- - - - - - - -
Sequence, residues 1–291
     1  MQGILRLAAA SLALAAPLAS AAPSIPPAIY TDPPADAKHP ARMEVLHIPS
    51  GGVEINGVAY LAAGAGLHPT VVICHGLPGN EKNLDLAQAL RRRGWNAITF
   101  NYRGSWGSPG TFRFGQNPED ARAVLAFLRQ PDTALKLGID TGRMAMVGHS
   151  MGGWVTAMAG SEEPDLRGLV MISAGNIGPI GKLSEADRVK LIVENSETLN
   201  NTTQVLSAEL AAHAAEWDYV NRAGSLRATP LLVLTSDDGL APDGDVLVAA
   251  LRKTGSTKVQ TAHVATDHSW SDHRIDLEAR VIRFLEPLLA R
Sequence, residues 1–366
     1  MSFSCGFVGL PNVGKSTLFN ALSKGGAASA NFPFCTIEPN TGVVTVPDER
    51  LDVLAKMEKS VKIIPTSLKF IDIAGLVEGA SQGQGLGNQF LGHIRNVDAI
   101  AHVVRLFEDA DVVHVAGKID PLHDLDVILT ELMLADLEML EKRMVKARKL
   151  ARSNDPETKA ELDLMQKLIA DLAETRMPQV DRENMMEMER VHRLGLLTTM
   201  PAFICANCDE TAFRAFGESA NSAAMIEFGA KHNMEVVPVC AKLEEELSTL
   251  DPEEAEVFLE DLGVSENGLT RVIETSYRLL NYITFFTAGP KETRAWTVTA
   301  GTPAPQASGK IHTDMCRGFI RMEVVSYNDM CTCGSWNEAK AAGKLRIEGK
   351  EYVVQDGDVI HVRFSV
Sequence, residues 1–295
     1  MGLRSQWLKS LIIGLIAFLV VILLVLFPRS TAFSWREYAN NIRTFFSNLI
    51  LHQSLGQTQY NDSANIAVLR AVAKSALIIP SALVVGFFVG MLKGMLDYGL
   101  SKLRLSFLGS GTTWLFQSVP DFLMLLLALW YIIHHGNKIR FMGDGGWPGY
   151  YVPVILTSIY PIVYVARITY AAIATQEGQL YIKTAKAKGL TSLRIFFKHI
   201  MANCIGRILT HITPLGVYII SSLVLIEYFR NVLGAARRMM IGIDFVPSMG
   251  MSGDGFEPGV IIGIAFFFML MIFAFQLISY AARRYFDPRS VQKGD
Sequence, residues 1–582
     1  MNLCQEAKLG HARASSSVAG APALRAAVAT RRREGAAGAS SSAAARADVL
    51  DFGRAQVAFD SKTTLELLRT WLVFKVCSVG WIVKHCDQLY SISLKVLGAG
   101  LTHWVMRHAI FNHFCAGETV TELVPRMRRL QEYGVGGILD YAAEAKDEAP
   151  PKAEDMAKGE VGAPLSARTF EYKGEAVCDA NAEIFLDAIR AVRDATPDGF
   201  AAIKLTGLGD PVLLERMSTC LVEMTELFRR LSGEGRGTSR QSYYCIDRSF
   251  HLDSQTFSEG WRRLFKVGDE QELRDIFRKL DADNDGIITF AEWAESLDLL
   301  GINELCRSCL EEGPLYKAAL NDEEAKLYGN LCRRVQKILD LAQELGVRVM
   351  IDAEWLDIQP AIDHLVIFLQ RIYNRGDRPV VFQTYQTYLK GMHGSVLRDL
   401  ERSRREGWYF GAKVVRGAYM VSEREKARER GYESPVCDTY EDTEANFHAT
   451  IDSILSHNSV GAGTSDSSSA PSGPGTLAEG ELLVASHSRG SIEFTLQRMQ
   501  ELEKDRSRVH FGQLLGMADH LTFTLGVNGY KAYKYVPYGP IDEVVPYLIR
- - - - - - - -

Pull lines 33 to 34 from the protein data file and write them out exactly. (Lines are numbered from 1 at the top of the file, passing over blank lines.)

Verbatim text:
   401  ERSRREGWYF GAKVVRGAYM VSEREKARER GYESPVCDTY EDTEANFHAT
   451  IDSILSHNSV GAGTSDSSSA PSGPGTLAEG ELLVASHSRG SIEFTLQRMQ